• I am being treated at the major health facility near where I live, and they accept my insurance.

    Asked by Bloodproblems on Thursday, January 23, 2020

    I am being treated at the major health facility near where I live, and they accept my insurance.

    I need to see a urologist about what could be kidney issues that may or may not be related to my MM. I called that office to get an appointment and they say that they do NOT take my insurance. Even though it's in the same facility, inside the same brick walls, but a different specialty. I tried to tell this girl that yes, you DO take my insurance and you've already collected a whole bunch. All she could say was no, we don't accept it.
    So, I have turned blue from holding my breath and called another part of the facility to get someone from billing to call me back. How hard can this be?

    5 Answers from the Community

    5 answers
    • po18guy's Avatar

      I have not encountered that, but really, it sounds like urology wants higher compensation. A little "integrated care" would be nice, huh? Would a referral from your hematologist/oncologist help?

      about 1 month ago
    • GregP_WN's Avatar

      I have actually run across the exact same thing. I told this woman that the facility has been taking my insurance for 11 years, same facility, same insurance......no sir, I'm sorry we don't accept that insurance. I just gave up and went to a lesser facility closer to home.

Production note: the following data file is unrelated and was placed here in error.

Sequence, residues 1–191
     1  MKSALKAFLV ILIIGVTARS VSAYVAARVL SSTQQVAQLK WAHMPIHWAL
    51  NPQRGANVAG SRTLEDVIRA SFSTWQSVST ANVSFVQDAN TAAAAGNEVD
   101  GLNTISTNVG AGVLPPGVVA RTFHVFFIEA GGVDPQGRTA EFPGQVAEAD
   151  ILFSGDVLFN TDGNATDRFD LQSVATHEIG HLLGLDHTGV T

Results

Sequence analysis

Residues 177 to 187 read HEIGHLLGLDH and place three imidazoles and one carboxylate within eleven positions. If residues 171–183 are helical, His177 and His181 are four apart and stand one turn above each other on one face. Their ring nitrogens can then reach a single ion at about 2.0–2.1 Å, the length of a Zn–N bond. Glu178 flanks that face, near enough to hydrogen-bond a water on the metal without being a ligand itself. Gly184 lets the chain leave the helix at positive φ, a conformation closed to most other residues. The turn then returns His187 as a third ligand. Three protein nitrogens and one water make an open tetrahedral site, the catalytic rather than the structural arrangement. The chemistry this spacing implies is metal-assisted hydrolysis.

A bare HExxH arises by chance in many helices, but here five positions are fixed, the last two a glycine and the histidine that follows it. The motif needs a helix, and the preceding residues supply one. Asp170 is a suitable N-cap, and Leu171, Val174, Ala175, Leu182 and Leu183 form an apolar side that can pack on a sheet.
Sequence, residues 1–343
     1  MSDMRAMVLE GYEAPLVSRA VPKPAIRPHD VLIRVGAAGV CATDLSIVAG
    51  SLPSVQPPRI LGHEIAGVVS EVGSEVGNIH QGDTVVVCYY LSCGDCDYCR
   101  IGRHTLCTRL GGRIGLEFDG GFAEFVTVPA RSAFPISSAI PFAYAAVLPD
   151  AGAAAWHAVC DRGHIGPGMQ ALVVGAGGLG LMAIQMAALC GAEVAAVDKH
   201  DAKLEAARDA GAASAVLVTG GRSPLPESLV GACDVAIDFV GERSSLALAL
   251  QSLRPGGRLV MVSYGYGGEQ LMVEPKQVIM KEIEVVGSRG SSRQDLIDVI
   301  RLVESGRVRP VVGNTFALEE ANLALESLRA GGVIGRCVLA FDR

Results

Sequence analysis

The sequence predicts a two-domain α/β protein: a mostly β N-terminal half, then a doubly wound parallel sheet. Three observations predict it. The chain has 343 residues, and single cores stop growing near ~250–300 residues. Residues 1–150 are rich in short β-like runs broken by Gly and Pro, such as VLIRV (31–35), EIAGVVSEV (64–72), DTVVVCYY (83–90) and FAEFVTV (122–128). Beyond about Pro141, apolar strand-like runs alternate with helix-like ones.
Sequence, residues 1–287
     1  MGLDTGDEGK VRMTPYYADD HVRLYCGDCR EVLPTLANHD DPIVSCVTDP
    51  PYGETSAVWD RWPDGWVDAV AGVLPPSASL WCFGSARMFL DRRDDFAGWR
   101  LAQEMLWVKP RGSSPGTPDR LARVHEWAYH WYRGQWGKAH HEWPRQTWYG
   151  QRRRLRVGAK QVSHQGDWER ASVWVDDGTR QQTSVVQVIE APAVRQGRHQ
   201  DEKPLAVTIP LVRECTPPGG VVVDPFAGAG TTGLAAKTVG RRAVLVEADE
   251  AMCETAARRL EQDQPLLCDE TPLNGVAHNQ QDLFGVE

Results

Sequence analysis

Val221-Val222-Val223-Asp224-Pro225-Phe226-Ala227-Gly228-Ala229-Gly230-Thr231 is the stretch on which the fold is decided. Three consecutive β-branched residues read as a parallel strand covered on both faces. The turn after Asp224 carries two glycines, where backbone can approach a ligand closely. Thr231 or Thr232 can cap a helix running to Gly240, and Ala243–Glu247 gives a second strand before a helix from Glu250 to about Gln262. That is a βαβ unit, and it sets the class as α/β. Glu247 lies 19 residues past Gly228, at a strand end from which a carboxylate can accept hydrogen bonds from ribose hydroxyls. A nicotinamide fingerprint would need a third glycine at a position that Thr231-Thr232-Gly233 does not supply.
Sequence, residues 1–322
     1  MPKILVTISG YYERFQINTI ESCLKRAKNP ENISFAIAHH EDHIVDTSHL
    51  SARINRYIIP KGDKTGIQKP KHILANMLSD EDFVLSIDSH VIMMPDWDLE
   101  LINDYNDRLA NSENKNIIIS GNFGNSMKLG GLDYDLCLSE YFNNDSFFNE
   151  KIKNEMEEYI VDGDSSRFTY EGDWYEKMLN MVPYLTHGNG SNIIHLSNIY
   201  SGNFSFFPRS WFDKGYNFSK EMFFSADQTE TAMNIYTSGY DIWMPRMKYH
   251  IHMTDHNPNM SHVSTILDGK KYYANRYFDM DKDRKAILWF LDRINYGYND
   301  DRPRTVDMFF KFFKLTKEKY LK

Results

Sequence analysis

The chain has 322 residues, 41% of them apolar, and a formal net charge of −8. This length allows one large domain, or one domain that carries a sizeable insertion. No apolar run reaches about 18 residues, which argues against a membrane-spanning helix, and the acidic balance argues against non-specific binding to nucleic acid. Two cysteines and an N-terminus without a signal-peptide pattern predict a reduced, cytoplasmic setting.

about 1 month ago
    • JaneA's Avatar

      Many facilities now treat doctors and or their practices as subcontractors. I'm guessing that is what is going on.

      about 1 month ago
    • Bengal's Avatar

      Just one thing that universal health care would fix. My eye care center just dropped all of it's patients covered by a particular insurer. Just informed them they were no longer welcome, find somebody else. Up here there are not that many choices but it was either find another doctor or change your insurer. Seems strange though that this could happen within the same facility but apparently it does. And, as I 've said before, people who are dealing with serious illness (or any illness) DON'T need to be dealing with this crap. Sorry you have to.

      about 1 month ago
    • BuckeyeShelby's Avatar

      I'm the one who works for a medical TPA. We aren't insurance; we just administer claims. We work w/a LOT of different networks from the big guys, like Cigna, UHC, Aetna. In a lot of cases, the contract with the insurance company is with the physician, not with the facility. So one doctor could be in network, but the guy across the hall in not. Now, most of our plans have what is called an "ology" benefit. That means if you go to an in network ER, it doesn't matter if a dr in is in or out of network. Or if you are in surgery, your anesthesiologist doesn't need to be in network, since you can't generally choose that specialist.

      about 1 month ago

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